The world’s 4th richest man is concerned about what you are eating. In an interview with MIT Technology Review, he said that “rich nations should shift entirely to synthetic beef.”
Bill Gates is the top private owner of farmland in the United States. He reportedly owns over 269,000 acres of farmland. Why would someone fundamentally opposed to raising cattle own more farmland than anyone else?
Some could theorize that Gates may have a diabolical plan to control meat consumption in the United States. But with over 895 million acres of farmland in the United States, I find it hard to see Bill Gates’ 242 thousand acres making a dent in the entire farming industry.
However, others see things very differently!
Seize Bill Gates’s land & all land owned by foreign nations to grow crops / raise livestock. https://t.co/K4Si05vL2p
— Joe Kent for WA-3 (@joekent16jan19) March 26, 2022
Forbes reports that Bill’s interest in farmland doesn’t stop in the United States. His known interests range from Africa to South Asia.
"*" indicates required fields
While it may be surprising that a tech billionaire would also be the biggest farmland owner in the country, this is not Gates’ only foray into agriculture. In 2008, the Bill and Melinda Gates Foundation announced $306 million in grants to promote high-yield, sustainable agriculture among smallholder farmers in sub-Saharan Africa and South Asia. The foundation has further invested in the development and proliferation of “super crops” resistant to climate change and higher-yield dairy cows. Last year, the organization announced Gates Ag One, a nonprofit to advance those efforts.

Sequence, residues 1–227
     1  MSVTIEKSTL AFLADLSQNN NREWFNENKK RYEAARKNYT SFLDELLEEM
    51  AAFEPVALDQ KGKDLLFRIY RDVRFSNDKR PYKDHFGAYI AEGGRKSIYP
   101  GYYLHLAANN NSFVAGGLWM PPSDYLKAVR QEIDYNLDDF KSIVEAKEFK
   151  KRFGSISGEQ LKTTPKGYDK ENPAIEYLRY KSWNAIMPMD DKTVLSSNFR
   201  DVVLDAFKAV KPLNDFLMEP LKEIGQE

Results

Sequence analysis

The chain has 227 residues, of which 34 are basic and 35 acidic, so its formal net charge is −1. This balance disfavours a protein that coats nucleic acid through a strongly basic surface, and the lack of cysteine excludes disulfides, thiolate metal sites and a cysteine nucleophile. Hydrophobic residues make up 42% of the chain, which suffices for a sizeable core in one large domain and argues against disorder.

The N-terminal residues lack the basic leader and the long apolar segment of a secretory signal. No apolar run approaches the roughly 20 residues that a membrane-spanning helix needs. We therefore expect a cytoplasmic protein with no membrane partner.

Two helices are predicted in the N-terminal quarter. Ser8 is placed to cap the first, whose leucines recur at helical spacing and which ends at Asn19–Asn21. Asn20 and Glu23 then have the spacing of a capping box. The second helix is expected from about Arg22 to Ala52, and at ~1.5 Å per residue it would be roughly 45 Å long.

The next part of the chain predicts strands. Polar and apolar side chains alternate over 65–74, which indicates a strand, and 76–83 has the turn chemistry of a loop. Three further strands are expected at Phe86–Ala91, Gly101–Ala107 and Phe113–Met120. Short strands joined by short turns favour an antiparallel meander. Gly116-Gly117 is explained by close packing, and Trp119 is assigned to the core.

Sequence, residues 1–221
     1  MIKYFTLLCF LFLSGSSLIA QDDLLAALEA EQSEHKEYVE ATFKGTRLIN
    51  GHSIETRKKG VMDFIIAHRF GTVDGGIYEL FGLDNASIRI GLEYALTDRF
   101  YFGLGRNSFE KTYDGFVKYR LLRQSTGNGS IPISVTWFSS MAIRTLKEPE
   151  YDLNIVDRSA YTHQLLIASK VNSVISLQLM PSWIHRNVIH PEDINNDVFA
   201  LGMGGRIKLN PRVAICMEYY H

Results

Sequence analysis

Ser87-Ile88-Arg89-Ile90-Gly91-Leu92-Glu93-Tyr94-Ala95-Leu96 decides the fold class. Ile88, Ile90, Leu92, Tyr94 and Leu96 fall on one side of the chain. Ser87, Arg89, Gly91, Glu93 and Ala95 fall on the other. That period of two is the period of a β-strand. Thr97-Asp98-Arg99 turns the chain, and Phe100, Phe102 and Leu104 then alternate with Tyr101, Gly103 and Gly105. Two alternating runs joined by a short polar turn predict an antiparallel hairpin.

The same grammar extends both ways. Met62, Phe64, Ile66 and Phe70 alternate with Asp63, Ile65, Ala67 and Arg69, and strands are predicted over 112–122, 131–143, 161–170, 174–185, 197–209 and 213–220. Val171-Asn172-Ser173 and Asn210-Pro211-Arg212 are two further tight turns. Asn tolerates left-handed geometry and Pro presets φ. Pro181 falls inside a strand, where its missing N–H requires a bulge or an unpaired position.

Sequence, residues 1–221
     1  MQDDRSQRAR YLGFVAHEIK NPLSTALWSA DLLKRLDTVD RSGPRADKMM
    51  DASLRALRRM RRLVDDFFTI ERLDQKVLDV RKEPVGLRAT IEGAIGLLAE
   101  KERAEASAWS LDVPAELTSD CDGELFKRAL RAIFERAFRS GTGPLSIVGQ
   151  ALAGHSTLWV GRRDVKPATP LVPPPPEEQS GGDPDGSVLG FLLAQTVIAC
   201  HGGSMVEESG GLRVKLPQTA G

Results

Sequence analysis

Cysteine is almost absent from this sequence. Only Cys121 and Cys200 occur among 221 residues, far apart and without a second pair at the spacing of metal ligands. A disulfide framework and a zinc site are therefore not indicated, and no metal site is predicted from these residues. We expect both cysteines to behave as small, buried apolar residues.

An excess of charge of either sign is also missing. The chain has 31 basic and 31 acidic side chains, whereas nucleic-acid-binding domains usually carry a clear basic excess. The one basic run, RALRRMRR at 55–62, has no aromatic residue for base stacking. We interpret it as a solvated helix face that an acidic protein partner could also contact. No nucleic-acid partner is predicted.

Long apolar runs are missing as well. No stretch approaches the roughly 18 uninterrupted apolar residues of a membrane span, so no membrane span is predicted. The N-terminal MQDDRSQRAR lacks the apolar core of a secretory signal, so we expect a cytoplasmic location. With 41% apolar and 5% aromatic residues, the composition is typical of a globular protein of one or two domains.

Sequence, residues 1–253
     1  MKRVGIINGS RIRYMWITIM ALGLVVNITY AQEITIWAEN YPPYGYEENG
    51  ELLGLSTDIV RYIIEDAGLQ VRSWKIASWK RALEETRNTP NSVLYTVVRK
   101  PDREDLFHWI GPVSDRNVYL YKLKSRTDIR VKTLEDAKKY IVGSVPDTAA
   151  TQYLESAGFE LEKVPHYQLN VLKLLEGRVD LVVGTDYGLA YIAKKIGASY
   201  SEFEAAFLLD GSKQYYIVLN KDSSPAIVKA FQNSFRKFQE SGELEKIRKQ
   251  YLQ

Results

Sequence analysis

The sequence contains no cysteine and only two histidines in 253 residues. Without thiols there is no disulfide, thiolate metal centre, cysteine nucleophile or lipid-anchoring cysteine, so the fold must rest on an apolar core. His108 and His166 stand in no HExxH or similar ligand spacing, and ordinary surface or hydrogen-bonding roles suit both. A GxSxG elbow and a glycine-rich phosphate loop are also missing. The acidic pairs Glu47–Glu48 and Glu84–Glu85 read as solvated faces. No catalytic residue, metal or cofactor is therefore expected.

It is not entirely clear how Gates’ farmland is being used, or whether any of the land is being set aside for conservation. (Cascade did not return Forbes’ request for comment.) However, there is some indication that the land could be used in a way that aligns with the foundation’s values. Cottonwood Ag Management, a subsidiary of Cascade, is a member of Leading Harvest, a nonprofit that promotes sustainable agriculture standards that prioritize protections of crops, soil and water resources.
So what is it? Is Bill Gates really worried about cow farts destroying the planet, or does he have a sinister plan to control food sources?
For countries to change to 100% synthetic meats, governments would have to enforce an extreme policy change. Before 2020, no one in the U.S. thought that such monstrous policies could ever be enacted here. China maybe, but here, no way!
We learned from the events of the past couple of years that if governments decide to push policies that they deem suitable for the “good of the people,” they will steamroll over any objecting party, person, or protest, regardless of the rights and freedoms they trample.
The Western Journal insert this scary comment into one of their articles:
Gates said governmental compulsion is an option.
“Eventually, that green premium is modest enough that you can sort of change the [behavior of] people or use regulation to totally shift the demand,” he said.
Bill Gates thinks that he should champion the cause, but he is also a big promoter of government compulsion!
In the MIT Technology Review interview, he did admit that it would be difficult to push people too hard.
Now I’ve said I can actually see a path. But you’re right that saying to people, “You can’t have cows anymore”—talk about a politically unpopular approach to things.